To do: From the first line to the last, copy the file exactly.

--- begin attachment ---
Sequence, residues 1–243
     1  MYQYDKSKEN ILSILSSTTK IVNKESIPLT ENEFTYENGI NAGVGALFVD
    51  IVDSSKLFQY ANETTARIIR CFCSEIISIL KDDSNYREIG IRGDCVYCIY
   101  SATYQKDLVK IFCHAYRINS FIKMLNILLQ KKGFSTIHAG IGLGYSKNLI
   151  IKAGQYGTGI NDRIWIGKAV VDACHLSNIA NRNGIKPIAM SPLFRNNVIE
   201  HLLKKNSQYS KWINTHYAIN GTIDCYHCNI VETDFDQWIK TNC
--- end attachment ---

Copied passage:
Sequence, residues 1–243
     1  MYQYDKSKEN ILSILSSTTK IVNKESIPLT ENEFTYENGI NAGVGALFVD
    51  IVDSSKLFQY ANETTARIIR CFCSEIISIL KDDSNYREIG IRGDCVYCIY
   101  SATYQKDLVK IFCHAYRINS FIKMLNILLQ KKGFSTIHAG IGLGYSKNLI
   151  IKAGQYGTGI NDRIWIGKAV VDACHLSNIA NRNGIKPIAM SPLFRNNVIE
   201  HLLKKNSQYS KWINTHYAIN GTIDCYHCNI VETDFDQWIK TNC